November 04, 2021

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This Week

On Tuesday, the Washtenaw County Health Department will begin administering Covid-19 vaccines to children ages five to eleven. Appointments can be made starting Friday at this link. Local pharmacies also have begun booking shots for kids, and local school systems are expected to make vaccines available, too. 

I’ve always been fascinated by Ann Arbor’s role in the roll out of the first polio vaccine, which was announced U-M by Jonas Salk and his mentor, Thomas Francis Jr. at Rackham Auditorium in 1955. Children in Ann Arbor were among the first in the country to get it.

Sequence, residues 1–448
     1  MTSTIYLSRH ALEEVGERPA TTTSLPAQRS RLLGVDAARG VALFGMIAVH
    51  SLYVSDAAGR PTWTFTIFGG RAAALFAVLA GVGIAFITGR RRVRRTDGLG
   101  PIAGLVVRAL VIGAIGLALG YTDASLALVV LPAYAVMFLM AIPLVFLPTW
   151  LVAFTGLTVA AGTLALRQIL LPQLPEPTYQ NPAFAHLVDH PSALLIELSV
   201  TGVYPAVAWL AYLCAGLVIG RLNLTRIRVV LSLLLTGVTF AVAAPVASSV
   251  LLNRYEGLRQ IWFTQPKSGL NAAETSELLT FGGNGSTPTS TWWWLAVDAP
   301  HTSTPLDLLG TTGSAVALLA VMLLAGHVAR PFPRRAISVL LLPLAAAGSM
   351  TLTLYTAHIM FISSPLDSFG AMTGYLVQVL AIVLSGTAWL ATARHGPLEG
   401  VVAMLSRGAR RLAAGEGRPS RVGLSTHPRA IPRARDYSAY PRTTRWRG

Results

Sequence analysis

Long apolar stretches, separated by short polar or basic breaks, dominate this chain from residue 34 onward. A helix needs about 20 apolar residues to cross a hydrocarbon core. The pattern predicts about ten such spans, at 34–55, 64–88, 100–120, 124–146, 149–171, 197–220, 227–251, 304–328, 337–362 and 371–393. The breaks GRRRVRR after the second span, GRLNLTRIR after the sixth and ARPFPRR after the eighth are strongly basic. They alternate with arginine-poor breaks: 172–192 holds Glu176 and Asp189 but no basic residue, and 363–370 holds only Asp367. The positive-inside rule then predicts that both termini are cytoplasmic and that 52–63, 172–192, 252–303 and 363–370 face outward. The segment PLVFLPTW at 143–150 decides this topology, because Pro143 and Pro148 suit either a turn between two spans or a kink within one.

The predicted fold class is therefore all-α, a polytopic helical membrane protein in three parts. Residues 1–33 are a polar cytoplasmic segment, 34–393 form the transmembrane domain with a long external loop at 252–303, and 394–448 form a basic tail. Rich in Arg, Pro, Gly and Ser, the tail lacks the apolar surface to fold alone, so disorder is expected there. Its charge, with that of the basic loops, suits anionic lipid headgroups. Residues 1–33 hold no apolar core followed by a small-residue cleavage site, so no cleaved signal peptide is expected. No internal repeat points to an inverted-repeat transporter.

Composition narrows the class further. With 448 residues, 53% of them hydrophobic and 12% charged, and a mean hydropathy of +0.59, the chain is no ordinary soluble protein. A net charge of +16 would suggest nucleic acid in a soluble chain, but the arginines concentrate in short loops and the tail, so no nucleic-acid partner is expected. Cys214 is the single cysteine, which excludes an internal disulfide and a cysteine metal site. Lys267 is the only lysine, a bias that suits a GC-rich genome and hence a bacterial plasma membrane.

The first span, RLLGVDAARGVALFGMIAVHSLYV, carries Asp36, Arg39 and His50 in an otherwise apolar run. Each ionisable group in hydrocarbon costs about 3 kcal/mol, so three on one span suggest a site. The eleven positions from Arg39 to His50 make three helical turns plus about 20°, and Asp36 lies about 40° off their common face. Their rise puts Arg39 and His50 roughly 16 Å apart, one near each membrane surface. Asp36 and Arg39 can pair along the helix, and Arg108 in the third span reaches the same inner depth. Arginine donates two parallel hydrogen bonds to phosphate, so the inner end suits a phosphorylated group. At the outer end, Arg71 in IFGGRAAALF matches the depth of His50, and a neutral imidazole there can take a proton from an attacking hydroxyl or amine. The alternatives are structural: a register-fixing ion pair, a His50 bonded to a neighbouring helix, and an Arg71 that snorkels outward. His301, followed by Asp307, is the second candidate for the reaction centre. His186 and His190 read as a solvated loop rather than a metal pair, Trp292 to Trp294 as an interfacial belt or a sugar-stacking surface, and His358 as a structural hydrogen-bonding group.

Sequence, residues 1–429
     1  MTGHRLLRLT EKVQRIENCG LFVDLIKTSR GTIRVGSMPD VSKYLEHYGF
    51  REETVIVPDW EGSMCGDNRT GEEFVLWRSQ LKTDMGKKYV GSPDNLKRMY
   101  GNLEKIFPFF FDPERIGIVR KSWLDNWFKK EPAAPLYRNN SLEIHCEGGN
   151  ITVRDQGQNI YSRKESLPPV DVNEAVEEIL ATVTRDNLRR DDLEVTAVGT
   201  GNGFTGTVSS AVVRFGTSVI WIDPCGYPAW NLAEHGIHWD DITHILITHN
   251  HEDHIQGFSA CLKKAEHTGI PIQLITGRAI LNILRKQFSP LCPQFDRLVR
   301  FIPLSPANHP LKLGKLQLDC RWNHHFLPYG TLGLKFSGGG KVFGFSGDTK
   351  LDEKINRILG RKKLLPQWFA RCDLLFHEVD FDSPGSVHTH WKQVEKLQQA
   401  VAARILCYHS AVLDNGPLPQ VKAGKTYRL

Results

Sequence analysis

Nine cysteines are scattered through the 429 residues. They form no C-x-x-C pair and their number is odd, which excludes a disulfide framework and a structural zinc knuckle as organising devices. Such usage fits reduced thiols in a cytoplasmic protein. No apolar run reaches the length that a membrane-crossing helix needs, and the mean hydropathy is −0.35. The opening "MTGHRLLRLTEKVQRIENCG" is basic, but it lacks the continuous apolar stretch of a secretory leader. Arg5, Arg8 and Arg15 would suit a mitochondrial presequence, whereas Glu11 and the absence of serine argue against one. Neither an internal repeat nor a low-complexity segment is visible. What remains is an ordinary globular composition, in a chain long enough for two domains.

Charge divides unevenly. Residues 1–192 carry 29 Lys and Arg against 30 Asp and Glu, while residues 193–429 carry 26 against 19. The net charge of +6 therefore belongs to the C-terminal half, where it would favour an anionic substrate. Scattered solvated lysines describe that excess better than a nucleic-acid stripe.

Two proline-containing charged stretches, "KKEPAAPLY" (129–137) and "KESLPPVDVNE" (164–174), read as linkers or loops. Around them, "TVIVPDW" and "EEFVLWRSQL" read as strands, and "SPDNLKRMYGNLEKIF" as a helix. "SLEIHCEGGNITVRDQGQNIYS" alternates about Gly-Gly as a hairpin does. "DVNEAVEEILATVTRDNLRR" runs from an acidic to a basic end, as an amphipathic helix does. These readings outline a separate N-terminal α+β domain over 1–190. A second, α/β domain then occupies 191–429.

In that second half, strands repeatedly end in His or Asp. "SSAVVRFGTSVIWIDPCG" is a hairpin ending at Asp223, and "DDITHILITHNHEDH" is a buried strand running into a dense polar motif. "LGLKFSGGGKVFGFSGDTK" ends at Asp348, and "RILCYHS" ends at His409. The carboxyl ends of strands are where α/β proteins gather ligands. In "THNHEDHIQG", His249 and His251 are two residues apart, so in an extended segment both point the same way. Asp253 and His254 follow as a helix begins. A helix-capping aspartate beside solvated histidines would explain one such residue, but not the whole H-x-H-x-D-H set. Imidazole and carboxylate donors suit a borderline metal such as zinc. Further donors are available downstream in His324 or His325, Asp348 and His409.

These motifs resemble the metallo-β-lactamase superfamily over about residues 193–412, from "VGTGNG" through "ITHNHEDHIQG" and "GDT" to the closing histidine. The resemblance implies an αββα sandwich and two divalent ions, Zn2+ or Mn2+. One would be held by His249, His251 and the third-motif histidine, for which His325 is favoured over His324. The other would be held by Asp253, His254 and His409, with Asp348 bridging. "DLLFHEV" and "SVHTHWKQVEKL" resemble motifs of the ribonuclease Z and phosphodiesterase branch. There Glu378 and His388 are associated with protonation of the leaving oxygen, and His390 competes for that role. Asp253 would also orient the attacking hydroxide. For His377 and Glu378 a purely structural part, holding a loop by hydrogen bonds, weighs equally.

My mother knew Dr. Francis when she worked at U-M Hospital, and I love looking through the photo collection at the Ann Arbor District Library, which documents the eagerness of area parents to have their children vaccinated. We’ll see if there’s as much enthusiasm among local parents and children as the Covid vaccine is rolled out here. 

Micki Maynard, editor 

A young Ann Arbor girl receives one of the first polio vaccines.
Photo courtesy AADL

The News...Briefly

Covid cases still high: On Wednesday, the health department reported 183 new cases, nine hospitalizations, and no deaths during the previous twenty-four hours. The weekly positivity rate also remains elevated, at 4.8 percent.